Having put the question of price lists on LinkedIn, I received some interesting opinions. Unfortunately, as it’s open to anyone, there were some maniacal responses, too.
One person’s answer showed a good amount of time and thought to formulate her answer:
I would not post a price list on my website because the majority of my projects are quoted in lump sum with milestones for various deliverables. While my lump sum is based upon my hourly rate, I determine the level of effort on the entirety of the project and not on exactly the length of time it’s going to take me. By posting fixed prices, the customer might get fixated on the hourly rate or on fixed lump sums for projects instead of my estimate of the level of effort.
I can give an example:
Not all logo projects are created equal. On the one hand, a new client contacts me to create a logo for them. They want a text type logo, with very simple colors and a small graphic. They leave the design completely up to me with a few color guidelines. For such a simple project, I would charge $70 – 105 for two logo designs, and then have the client take elements of both or choose one as the final. My usual rate is $35 (per hour).
On the other hand, I could have a client contact me for a logo and they want 5 distinct elements, an illustration, a tag line, and different color schemes to try. I would end up charging a lot more than $70-105!
If I had put $70-105 on my website as my Logo Design fee, then I would be stuck when Client No. 2 comes around and brings me their laundry list of requirements. I could still give them a lump fee proposal, but it would be on what I believe their project requires…not what my website says it will be.
In short, placing a price list on your website may put you in a position where you have to bargain for a better rate or fee if you feel a project requires more work than customary.
Unfortunately, this person is not a full-time professional designer (and very limited part-time, as per her LinkedIn profile), as her rates attest and help lower the bar for full time designers. She does, however, bring up one of the arguments for not putting prices on one’s web site: Flexibility.
Unless you can really judge the time it takes to execute a project, a flat rate can be a money-losing possibility. To keep extraneous changes from draining the fee, what is promised under the price would have to be iron clad with an hourly change rate listed for work above and beyond the flat fee. Giving unlimited revisions, as listed in some of the price lists shown, as examples would break you and your ability to make a profit.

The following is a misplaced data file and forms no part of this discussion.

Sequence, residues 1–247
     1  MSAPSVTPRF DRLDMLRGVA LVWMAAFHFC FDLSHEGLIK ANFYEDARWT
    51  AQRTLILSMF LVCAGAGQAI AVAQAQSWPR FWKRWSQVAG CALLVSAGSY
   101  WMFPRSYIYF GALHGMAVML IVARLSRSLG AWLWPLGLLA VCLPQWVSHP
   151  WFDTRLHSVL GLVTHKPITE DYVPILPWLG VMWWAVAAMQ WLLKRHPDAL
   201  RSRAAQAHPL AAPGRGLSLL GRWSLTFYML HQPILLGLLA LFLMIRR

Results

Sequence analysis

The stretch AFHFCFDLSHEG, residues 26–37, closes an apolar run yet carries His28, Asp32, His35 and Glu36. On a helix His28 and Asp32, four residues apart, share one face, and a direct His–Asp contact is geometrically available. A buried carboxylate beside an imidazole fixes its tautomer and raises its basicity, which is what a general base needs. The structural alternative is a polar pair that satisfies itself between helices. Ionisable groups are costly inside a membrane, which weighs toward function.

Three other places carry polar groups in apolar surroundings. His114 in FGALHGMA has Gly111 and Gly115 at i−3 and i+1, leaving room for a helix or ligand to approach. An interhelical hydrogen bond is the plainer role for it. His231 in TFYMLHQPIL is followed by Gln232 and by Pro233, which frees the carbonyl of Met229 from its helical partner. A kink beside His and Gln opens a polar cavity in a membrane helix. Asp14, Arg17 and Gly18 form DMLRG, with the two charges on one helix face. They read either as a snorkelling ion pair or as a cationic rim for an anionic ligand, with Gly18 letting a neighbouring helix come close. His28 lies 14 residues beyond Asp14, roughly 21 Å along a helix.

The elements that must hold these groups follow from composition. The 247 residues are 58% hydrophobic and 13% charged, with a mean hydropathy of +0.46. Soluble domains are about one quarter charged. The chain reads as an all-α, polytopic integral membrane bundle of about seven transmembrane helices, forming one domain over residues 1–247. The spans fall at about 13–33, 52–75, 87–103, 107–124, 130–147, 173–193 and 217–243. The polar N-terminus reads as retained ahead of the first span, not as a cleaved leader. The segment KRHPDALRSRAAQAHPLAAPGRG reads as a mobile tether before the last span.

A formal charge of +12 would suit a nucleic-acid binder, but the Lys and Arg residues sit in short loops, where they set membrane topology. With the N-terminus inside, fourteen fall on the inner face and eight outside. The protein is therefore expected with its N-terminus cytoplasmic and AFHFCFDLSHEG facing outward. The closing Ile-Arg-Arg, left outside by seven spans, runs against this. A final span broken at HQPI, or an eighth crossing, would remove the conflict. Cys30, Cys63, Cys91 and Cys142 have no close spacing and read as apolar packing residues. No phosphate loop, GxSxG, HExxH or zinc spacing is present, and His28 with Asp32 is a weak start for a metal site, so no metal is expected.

Someone involved in the creative business but not a designer imparts:
The upside = it makes the value of your work non-negotiable. The downside = it makes the value of your work non-negotiable.
If your prices are set for all clients regardless and do not change, then by all means. However, if you want room to raise or lower prices on the value of a client, then don’t post them.
An interesting observation but one can change prices easily on their site as needed. The “value” of a client is an interesting concept. What do you do if a client who may represent regular business is turned off by your price list?
As someone who has heard the old promise of “do this for $XX dollars now and in the future, it’ll be $XXXXXXX,” I have little faith in return clients based on price. In my experience, I retain clients due to the value of WORK.
Another designer adds:
I price all my work on a project basis after I’ve had a conversation and an opportunity to review what’s needed. Yes I have an hourly rate. Do I ever charge or reveal that hourly rate? No. It’s always per project. I give a price that I think is fair to both parties, if someone chooses to take it, great…if not…great. If they don’t like it, then they’ve just been weeded out.
Again addressing the question of posting prices, one commenter said:
I would also have a disclaimer allowing you to alter the prices so a customer doesn’t see them say in February, you raise them in March, then they come back in June, and ask for the February price.
This is very true! As with giving a prospective client a written quote in February and then having them return in June and demand the same quote, even if you have raised you rates (perhaps material costs have increased, office space cost, equipment rent, etc.), what can you do?
There has long been the agreement among designers that a written quote should have a time period of two to four weeks in which that quote is considered “good.” You can honor it months later if you have no need to raise the quote or wish to gain the client but, if the price is changed on your site in March and someone comes back in June and demands February prices, I believe that’s a red flag that you don’t want to get involved with such a client…and would only end up spitting on their burger! Legally, if the price is posted on your site, even if it has changed, you are in the right. How many people have sued food markets for raising prices after one week? How many people thought their burgers weren’t as delicious without my spit on them and felt cheated?
One respondent wrote this excerpt:
Since each assignment, client, approach, strategy, and deliverable is different (or should be), it would be difficult to sell a pre-packaged solution associated with a fee that is the “right” solution for a client.